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  1. #40
    Join Date
    Jan 2004
    Here and there
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    1. Ears first listen to the customer
    2 thermometer and meter
    3. gauges
    take care all

  2. #41
    Join Date
    Nov 2001
    Seattle, WA
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    You ought to write a trouble shooters book called "Isolate & Verify." You can use the name as long as I get some credit somewhere. Just one little line maybe way below your name or in the back of the book. I am trying to be as famous as Diceman.

    Seriousness aside, I founded that term years ago when all these non-HVAC computer geeks starting getting into our business and messing things up.

    I found that with their controls and stuff I have needed to isolate any of their stuff away from the "real HVAC" stuff in order to do any worthwhile trouble shooting.

    There exists two levels of techniques for trouble shooting since and because of the days on the electronic invasion. The mechanical parts still get the same look ats' from way back since the compressor was invented. And their mechanical demise is typically progressive, logical, symptomatic and in a downward spiral.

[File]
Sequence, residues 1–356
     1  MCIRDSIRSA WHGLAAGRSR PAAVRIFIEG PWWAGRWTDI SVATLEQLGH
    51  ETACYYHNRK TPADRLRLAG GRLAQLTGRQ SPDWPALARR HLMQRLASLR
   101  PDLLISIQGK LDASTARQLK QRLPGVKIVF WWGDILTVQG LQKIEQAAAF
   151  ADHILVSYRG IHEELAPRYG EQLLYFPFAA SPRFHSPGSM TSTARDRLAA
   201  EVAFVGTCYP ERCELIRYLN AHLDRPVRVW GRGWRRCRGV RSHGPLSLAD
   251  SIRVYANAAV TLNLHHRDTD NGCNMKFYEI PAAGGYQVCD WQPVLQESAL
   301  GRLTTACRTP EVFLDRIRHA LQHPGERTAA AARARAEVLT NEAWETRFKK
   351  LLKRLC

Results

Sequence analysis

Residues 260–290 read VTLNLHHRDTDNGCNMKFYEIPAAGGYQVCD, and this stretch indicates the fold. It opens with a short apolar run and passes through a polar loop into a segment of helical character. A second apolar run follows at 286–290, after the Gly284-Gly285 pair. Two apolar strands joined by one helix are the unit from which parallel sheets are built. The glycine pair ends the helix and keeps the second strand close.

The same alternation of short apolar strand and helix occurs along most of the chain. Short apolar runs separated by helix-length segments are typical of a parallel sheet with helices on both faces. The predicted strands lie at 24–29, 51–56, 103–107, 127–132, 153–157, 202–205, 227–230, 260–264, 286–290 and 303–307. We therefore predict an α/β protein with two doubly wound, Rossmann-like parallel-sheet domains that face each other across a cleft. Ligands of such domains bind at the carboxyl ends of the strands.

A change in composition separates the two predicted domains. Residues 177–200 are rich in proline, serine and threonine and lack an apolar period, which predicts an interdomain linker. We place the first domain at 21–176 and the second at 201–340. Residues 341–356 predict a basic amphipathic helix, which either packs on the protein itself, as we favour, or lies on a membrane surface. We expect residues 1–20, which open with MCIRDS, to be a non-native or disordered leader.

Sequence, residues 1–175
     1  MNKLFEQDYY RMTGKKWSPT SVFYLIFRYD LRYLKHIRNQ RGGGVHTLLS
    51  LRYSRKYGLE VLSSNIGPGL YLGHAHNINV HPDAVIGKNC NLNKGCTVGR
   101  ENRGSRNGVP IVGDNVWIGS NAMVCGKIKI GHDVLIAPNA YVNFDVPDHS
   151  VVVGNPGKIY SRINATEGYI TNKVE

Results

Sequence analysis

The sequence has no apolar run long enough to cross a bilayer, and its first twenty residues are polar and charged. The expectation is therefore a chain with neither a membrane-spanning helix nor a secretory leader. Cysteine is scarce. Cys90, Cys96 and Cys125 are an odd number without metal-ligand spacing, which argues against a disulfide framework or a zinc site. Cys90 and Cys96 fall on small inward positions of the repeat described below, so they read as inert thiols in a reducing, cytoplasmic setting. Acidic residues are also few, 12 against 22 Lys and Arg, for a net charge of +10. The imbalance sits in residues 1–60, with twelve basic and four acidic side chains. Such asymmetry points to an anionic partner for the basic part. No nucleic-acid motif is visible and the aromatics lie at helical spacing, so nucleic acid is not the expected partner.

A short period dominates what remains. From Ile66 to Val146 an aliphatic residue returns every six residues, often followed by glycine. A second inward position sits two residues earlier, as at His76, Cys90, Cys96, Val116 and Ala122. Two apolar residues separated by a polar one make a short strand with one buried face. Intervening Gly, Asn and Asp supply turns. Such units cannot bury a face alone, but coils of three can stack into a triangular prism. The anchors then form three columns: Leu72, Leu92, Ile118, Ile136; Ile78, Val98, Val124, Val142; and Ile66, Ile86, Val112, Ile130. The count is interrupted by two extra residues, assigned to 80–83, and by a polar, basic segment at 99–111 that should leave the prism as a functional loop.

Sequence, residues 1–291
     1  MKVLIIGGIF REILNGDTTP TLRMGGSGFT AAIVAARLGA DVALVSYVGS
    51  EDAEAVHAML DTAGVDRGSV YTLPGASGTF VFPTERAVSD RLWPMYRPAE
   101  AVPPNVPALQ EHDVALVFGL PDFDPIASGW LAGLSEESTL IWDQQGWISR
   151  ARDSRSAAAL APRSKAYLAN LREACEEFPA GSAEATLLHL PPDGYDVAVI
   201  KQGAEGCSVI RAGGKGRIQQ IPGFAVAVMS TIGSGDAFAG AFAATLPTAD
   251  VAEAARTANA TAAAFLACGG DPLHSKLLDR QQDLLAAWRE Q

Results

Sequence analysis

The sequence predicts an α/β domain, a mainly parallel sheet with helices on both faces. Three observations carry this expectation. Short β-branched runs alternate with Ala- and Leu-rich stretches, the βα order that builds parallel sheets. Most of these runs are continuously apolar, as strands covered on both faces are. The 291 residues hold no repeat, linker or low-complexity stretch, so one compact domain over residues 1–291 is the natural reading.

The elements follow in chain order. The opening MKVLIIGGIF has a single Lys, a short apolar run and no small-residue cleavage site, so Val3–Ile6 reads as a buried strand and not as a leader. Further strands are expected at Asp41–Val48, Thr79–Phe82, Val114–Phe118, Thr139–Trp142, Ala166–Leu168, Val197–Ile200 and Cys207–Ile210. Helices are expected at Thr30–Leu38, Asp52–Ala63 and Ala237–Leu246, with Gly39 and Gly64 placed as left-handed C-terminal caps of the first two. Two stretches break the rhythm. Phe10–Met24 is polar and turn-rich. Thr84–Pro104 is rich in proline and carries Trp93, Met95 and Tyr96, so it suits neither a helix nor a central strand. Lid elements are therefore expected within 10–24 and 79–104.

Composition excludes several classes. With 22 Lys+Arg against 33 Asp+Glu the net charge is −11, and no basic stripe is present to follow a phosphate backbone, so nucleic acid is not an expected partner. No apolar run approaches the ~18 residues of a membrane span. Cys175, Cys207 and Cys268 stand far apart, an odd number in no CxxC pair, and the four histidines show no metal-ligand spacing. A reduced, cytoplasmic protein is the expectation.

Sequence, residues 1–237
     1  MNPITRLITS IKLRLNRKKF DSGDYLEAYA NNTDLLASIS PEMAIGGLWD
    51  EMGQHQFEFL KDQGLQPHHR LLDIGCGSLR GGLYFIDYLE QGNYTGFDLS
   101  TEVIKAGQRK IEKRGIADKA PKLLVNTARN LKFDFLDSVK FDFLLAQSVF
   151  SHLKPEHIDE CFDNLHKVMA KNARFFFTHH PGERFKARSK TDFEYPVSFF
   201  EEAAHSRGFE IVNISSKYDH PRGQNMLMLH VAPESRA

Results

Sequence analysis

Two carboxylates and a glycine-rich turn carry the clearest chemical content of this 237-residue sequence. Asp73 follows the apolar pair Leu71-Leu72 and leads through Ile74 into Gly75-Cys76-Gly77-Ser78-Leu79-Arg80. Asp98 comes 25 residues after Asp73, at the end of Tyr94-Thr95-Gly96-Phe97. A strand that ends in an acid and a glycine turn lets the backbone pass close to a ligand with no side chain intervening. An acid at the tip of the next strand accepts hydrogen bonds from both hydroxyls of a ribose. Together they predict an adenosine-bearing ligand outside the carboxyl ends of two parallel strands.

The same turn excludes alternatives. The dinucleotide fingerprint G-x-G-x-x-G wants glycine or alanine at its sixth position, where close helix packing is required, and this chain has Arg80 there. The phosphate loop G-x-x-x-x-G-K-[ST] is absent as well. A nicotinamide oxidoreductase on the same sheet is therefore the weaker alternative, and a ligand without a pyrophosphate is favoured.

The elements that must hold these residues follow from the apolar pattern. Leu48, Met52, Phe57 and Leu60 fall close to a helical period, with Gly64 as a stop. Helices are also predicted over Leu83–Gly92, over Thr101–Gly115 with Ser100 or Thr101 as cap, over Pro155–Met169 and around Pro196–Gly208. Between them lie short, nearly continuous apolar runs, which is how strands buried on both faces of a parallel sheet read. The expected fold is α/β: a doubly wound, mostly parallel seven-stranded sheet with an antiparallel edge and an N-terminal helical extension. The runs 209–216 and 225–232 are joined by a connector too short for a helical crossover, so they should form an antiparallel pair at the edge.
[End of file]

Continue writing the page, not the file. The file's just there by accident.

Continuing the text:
On the other hand, with electronics absolutely any type of non-locigal, non-progressive, intermintent, off-the-wall problem is possible. I just am now attempting to work on a large local college where the DDC guys installed and programmed the 8 HVAC units. As I am working on one, the two other are cycling on and off, on and off, on and off at different very short intervals as programmed by the DDC guy. Talk about a compressor killer. I told him about it but he doesn't understand, period.

    I call it the Bill Gates syndrom. You get to make a lot of money from inventing things that are undependable for which you get to invent other things and make more money from the same customers selling them the add-on or corrective stuff which might make the original stuff dependable.

    "The American Republic will endure until the day Congress discovers it can bribe the public with the public's own money.
    - Alexis de Toqueville, 1835

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